CHEYENNE — Vince Hopkin leaves his home in Cody at 4 a.m. most days and drives 30 miles on Wyoming Highway 120 to Meeteetse, where he owns a convenience store.
If the road is snowy or slick, he phones in a condition report to the Wyoming Department of Transportation’s “nerve center” in Cheyenne.
Hopkin is one of about 300 volunteers statewide with the department’s Enhanced Citizen-Assisted Reporting system. He has been a member for four or five years.
The volunteers provide the department with another human view of road conditions in addition to reports from Wyoming Highway Patrol troopers and Wyoming Department of Transportation maintenance workers.
WYDOT’s snow plow crews are sometimes already out when Hopkin leaves home in his pickup truck. Other times, they aren’t.
“I think it’s a good thing,” Hopkin said of his role. “A lot of times (the plows) haven’t gone out yet, because they weren’t expecting it.”
When Hopkin does encounter snow on the road, he identifies the location by the mile markers.
He has the phone number of the department’s center in Cheyenne on his cell phone and calls in the information to a dispatcher. The information also is used to update the department’s 511 road and weather report.
Hopkin’s job is to monitor the 30-mile segment of the highway between Cody and Meeteetse.
Maia Ruggiero of Upton reports on any segment of highway in the state. She works as an EMT for the North Antelope coal mine and for the Upton Volunteer Fire Department. Ruggiero said her goal is to prevent highway accidents whenever possible.
“It’s a great program. I’ve been doing it for quite a while,” Ruggiero said.
Her time is worth the effort, she said, if it prevents someone from flipping a car on an icy road.
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Ruggiero has recruited bus drivers for the mines to join the ECAR program since they drive the roads all the time.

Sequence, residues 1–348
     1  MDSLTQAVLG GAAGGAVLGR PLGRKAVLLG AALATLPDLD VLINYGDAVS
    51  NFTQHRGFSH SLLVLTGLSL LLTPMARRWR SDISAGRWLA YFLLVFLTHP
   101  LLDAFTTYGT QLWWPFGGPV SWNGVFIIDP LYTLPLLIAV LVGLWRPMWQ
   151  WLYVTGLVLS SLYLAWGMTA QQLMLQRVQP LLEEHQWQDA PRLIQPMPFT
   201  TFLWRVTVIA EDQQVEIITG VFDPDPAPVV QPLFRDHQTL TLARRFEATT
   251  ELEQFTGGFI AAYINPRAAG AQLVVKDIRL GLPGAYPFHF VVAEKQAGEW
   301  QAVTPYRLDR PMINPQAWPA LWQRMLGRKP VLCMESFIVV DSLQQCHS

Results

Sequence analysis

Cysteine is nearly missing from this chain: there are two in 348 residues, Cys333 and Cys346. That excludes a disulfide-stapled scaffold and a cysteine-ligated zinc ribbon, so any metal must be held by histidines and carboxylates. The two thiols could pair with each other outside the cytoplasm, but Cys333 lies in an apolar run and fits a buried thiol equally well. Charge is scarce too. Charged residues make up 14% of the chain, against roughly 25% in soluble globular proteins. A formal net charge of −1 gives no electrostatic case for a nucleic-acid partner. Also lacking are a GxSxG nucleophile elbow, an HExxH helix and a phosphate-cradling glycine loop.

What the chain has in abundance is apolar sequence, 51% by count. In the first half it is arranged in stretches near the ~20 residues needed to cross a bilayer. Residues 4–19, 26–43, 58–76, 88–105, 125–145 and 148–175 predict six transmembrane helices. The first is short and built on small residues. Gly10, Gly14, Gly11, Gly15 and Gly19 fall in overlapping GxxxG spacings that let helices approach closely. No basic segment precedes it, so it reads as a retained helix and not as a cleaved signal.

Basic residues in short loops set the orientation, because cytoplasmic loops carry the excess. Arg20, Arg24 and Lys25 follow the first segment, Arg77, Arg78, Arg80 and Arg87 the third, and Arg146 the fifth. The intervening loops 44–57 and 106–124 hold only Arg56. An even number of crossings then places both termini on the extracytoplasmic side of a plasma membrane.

Officials at WYDOT train the volunteers to identify and classify road conditions as slick or slick in spots, with black ice or with blowing snow or drifting snow.
In the summer the volunteers call in to report roadkill or if a fence is down.
Hopkin said he received the two-hour
training in Cody with several other volunteers, including a couple of delivery truck drivers who travel different routes.
The WYDOT instructors showed slides of road conditions and taught them what to look for and how to describe it. The slides showed how black ice looks on a road at different times of the day and night.
Ruggerio said she received the training through a Skype video computer connection.
The program “really helps us keep better information flow,” WYDOT spokesman Bruce Burrows said.
The definitions of highway conditions are important so that the volunteers’ reports are not too
diverse, he added.
The participants are supplied with an illustrated handbook that includes written and visual definitions of the different types of pavement and weather conditions used by WYDOT.
One example is the difference between “slick” and “slick in spots,” according to the WYDOT website.
The handbook also instructs on how the volunteers can report roadkill or debris on the highways or incorrect information on dynamic message signs.
People interested in the volunteer program can find information on the bottom of the WYDOT website by clicking the “road conditions” icon.
Contact capital bureau reporter Joan Barron at 307-632-1244 or email@example.com.